My girl got framed
“Can you please read that again?” the teacher asked my eight-year-old.
“Just read it for me.”
“I already read it for you,” Josie said sourly. “Right before recess. Nothing has changed.”
I stifled a laugh. The second-grade teacher didn’t see the humor.
“Josie,” Ms. Hubert pointed at the eye chart on the wall. “Please read the last line.”
“D E F P O T E C. Can I go play now? This is boring and I could be doing something else.”
“The girl’s got a point,” I shrugged. “Are we done?”
“No. The girl’s got a memory. I asked you to stop by to show you this: Josie, please read this line in the middle, right here.”
“Why?” Josie asked suspiciously.
“Just humor me.”
“You don’t have any humor, Ms. Hubert. And none of the other kids had to read that line.”
“I’d like you to read it,” Ms. Hubert insisted.
“I’d like to do what all the other kids did. They read D E F P O T E C, so I’m reading the same thing.”
I gasped. Josie had recited the last line while looking at the teacher, not the chart.
“I figured it out when I moved Josie from the front of the class to the back today,” Ms. Hubert explained. “We had a math test and I heard an interesting conversation between Josie and her new neighbor Karen.”
“I was cheating!” Josie exclaimed. “Ms. Hubert heard me asking Karen for the answers.”
“What’s four times five?” I asked.
“Twenty,” Josie answered reflexively.
“That’s the last question on the board, kiddo. It’s also the hardest. How was Karen helping you?”
“Uh … I needed help on all the other questions.”
“Like six times one? Or two times three?”
Josie glowered. My daughter displayed impressive powers of deception, but she was not a Jedi yet. Ms. Hubert strolled to the chalkboard and wrote 4x1=
“Josie, what’s the answer to this?”
My eight-year-old leaned forward and squinted.
“We had our annual eye test today after lunch,” the teacher explained. “All the kids lined up, read the line they can best see, then left for recess. Josie usually elbows her way to the front of every line — ”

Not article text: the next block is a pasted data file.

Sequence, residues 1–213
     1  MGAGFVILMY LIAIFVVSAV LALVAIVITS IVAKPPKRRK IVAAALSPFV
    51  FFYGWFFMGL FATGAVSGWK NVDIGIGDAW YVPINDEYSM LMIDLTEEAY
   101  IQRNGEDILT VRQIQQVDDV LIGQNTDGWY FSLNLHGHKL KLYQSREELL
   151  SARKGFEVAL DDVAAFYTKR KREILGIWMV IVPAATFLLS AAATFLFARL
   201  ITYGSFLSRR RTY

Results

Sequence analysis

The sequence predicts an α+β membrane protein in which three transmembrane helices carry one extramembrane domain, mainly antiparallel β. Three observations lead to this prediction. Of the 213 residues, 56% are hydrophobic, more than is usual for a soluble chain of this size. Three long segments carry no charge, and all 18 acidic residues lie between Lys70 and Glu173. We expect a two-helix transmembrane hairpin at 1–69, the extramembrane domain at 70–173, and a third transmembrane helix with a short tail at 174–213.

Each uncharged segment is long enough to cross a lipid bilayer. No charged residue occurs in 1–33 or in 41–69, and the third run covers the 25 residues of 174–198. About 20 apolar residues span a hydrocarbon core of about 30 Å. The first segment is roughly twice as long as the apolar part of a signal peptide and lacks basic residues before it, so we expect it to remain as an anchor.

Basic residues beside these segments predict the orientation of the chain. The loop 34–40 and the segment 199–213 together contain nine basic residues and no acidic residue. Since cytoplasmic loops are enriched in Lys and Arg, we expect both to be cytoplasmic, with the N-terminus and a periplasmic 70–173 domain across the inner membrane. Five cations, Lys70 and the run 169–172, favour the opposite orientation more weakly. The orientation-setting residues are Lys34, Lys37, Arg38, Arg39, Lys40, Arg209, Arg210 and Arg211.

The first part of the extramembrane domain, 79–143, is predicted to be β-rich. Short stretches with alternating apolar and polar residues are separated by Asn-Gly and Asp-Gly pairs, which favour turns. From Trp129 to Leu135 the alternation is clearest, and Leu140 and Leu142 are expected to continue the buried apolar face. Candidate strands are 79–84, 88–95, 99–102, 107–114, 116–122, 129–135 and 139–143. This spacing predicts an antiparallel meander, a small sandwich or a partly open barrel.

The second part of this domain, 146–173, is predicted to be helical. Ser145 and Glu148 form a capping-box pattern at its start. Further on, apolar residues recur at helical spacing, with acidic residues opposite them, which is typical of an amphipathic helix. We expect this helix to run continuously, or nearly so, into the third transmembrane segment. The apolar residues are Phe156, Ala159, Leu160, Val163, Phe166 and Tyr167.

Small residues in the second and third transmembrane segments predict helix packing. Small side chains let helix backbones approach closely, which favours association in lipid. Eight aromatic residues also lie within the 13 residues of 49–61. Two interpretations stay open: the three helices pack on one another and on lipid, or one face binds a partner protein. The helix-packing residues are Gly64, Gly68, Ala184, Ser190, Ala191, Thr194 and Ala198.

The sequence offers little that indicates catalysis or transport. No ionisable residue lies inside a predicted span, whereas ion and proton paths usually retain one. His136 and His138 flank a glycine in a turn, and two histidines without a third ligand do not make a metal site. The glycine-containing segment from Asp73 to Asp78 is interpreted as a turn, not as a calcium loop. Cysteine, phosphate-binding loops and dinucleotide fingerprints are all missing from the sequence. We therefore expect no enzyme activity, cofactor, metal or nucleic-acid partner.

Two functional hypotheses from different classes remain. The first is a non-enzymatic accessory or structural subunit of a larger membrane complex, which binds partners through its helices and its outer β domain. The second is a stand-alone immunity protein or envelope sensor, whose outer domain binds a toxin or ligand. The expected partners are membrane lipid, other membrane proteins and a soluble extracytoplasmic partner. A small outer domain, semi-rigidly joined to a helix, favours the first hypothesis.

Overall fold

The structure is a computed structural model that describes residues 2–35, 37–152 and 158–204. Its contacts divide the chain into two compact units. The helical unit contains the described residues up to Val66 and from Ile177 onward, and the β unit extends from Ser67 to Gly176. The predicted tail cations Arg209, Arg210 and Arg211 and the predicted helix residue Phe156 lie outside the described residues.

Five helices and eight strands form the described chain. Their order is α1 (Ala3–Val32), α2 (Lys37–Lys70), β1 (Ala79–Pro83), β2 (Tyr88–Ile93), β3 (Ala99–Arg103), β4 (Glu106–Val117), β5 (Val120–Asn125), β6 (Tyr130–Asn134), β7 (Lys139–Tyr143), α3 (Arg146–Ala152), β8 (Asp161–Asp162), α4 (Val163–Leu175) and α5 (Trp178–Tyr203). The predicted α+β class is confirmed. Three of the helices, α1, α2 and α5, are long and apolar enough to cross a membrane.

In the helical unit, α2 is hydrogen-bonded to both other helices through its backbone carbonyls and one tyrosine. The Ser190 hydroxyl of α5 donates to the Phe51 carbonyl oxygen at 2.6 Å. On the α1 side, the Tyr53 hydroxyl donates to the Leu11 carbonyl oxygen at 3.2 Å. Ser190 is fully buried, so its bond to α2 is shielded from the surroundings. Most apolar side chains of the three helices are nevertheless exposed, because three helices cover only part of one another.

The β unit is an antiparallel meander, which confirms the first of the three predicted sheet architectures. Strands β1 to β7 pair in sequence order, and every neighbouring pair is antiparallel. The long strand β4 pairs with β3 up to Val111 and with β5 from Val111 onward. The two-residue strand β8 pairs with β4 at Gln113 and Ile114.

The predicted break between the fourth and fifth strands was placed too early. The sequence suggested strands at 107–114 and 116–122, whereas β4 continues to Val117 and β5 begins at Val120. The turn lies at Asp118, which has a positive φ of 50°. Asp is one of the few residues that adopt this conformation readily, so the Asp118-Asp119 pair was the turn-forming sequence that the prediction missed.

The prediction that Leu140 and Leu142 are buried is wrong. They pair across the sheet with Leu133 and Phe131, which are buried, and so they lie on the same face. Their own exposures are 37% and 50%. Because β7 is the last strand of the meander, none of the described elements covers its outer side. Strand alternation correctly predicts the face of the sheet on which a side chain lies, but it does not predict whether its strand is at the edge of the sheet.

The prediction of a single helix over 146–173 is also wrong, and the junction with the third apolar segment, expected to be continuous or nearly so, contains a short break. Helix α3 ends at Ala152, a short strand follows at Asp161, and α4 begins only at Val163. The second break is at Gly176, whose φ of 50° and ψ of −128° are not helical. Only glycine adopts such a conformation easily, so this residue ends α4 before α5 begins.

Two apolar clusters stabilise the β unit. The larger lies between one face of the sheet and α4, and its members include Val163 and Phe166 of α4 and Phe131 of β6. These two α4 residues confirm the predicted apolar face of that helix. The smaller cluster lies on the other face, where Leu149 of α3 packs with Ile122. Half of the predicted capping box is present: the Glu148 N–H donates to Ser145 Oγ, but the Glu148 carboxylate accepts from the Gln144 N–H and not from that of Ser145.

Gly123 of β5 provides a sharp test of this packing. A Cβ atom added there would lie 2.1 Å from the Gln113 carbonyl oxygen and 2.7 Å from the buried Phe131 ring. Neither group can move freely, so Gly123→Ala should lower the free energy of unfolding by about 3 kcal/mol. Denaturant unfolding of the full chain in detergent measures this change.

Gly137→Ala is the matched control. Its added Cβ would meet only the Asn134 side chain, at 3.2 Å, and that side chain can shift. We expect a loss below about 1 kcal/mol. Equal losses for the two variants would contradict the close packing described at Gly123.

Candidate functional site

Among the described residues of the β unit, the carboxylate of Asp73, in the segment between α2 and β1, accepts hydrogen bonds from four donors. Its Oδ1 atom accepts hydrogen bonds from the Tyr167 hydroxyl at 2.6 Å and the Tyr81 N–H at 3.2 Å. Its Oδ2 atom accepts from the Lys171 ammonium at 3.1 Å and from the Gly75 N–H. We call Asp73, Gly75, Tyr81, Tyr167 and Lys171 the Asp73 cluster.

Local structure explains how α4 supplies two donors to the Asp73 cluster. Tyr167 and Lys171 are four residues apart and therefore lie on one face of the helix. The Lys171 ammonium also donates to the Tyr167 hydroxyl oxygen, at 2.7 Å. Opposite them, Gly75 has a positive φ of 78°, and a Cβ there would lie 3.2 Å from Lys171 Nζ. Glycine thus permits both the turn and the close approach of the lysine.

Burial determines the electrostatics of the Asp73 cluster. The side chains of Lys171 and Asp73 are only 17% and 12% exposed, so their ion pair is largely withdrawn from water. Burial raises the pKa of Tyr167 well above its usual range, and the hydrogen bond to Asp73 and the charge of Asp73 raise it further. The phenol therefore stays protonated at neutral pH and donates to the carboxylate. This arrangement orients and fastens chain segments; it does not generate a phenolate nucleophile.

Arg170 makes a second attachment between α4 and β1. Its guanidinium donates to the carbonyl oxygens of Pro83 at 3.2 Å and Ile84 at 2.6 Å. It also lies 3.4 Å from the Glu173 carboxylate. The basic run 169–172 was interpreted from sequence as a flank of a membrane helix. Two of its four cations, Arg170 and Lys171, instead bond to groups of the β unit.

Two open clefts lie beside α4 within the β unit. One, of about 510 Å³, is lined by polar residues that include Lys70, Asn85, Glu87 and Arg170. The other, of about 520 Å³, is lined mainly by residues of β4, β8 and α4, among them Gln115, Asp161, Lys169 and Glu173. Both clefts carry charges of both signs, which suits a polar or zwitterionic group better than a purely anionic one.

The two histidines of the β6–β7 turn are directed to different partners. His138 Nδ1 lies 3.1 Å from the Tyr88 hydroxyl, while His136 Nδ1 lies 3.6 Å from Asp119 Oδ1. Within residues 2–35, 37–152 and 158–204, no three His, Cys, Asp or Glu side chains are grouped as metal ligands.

“We’ve been working on her patience,” I lied.
“ — but today Josie walked to the back and waited calmly. I didn’t figure it out until the math quiz later in the day. I moved Josie’s desk to the back row because she wouldn’t stop talking to her neighbor during the lesson — ”
“We’re working on her attention too,” I lied again.
“ — and during the test, Josie asked her new neighbor to recite each equation,” Ms. Hubert concluded. “In exchange for the question, Josie provided the answer. So she was actually helping another child cheat.”
“At home we’re really stressing the importance of honesty,” I lied for a third time.
“Dad!” Josie wailed. “I don’t want glasses! I can see just fine from the front of the classroom. Can’t I just go back there?”
“Josie,” I sighed. “You know you need to get your eyes corrected.”
“I know Ralph and Isabella need to get their brains corrected,” Josie fumed. “They stood next to me and heard everybody say the last line is D E F P O T E C and they still couldn’t figure it out. I don’t want glasses. They’re embarrassing.”
“I wear glasses,” Ms. Hubert pointed out. “I’m not embarrassed.”
I hugged my daughter and slid a forearm over her mouth, before she could reply perhaps you should be. Ms. Hubert’s glasses accentuated her already unfortunate resemblance to an insect.
My daughter wriggled out of my grip.
“Daddy! Glasses make you look …” Josie glanced at Ms. Hubert’s magnified bug eyes. “Not good.”
“Honey, there are many beautiful people — and beautiful girls — who look even more beautiful in glasses.”
“Then name ten. That’s many.”
“Okay … first, there’s Mom.” That was easy. My wife is smoking hot in her glasses. “Then there’s … hmmm … Auntie Allison. And both of your grandmothers — ”
“Name somebody who isn’t related to me. Somebody like Taylor Swift.”
“You have a couple of friends who wear glasses,” I suggested. “They look cute in them.”
“And they hate wearing them! They only wear glasses because their parents make them.”
“Let’s make a deal,” I smiled. “You wear glasses for a week, and see what it’s like to see the world in focus. And then if you don’t like your glasses, you don’t have to wear them anyplace but in class.”
Josie looked doubtful.
“Trust me, Josie. We’ll find you a pair you like.”
And we did.
First we spent two hours in three optician offices. Nothing met Josie’s standards until I googled Taylor Swift in glasses and found gold. Literally gold; Taylor has expensive taste. Josie found similar frames that cost more than a car payment.
Luckily Josie is eight, and her fashion tastes should get a lot cheaper as she hits her teens.
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“Absolutely not,” I laughed. And choked a little. “You are not wearing that.”medium.com
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